New Supervisor Brian Kulpa looks to the future in Amherst

Jan 29, 2018

An agenda focused on proactive planning and forecasting has big changes in store for the town of Amherst.

Credit Brian Kulpa

One of those changes involves figuring out what to do with the former Westwood Country Club site. Investors are proposing a $250 million dollar mix-use development which would include the Westwood property, Audubon Golf Course, UB property north of Audubon, and Northtown Center and the former gun club site.

New Amherst Supervisor Brian Kulpa calls the plan “Amherst Central Park”.

“We need a strategic park plan and then we need surrounding land use plan to make sure we are getting the right level of development next to what is going to be a very large central park,” said Kulpa. “That central park is meant to be a regional asset. Delaware Park level.”

Kulpa said he’s looking forward to working with a local waterfront revitalization plan along the Ellicott Creek to help make this happen.

These suggested changes come after Democrats took full control of the Amherst Town Board last November. The future of Niagara Falls Boulevard is another issue that must be confronted.

“Right now as it sits we have some strain on the retail economy,” said Kulpa. “Obviously there are parts of the Boulevard where retail’s very strong. There’s parts of the Boulevard where retail is starting to fall off. We need to figure out where the Boulevard heads in the next 20-30 years.”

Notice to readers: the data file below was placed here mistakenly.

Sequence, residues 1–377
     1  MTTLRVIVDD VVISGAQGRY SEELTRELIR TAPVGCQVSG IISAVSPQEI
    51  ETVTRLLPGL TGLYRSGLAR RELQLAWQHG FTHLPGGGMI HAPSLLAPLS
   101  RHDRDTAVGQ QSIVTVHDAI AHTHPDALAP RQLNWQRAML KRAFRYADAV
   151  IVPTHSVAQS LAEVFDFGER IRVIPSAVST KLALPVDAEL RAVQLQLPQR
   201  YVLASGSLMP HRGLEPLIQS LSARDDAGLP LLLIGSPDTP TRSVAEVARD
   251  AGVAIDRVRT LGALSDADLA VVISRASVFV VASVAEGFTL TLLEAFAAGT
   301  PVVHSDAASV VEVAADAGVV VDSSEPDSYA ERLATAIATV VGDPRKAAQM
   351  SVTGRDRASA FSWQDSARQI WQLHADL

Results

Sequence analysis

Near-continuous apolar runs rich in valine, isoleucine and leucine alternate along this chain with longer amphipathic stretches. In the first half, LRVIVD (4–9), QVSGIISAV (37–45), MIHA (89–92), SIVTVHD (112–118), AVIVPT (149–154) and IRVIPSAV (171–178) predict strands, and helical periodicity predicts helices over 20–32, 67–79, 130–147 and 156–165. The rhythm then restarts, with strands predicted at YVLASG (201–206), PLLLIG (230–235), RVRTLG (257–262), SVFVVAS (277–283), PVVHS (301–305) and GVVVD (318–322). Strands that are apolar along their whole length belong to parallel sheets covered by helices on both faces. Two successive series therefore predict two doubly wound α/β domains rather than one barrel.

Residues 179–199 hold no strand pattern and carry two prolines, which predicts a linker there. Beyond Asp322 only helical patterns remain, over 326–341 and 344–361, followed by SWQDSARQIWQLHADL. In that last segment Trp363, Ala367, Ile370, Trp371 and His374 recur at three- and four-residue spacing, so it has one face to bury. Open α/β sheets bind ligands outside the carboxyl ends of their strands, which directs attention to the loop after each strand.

Kulpa said he plans to work with landowners and residents to discuss the effect changes will have on the surrounding local community. That includes land use and zoning, street enhancement, and pedestrian and vehicular safety.

Another challenge is establishing a vision the community wants for the future of Amherst. Kulpa said they can accomplish that by setting up independent planning committees in places like Eggertsville, Getzville, Willow Ridge, and Snyder.

“Give the residents in those areas an opportunity to participate and say this is how we feel about our neighborhood,” said Kulpa. “This is what we want to see. Here’s what we need to change. Here’s what we need. Here’s what we need to keep as is. Then what we’re gonna do is accumulate those 8-10 community ideas or plans and put them together in to a single comprehensive plan.”

A different plan asks what Generation Z will want. Kulpa said millennials have already entered the workforce and have already made some decisions of where they are going to live. Preparing communities for the generation after has become a priority. It comes down to a focus on economic forecasting.

“Basically, acknowledging what we want as a town and developing plans around what the town is looking for,” said Kulpa. “Then allowing the market in the development to react to us and react to the towns wishes and desires.”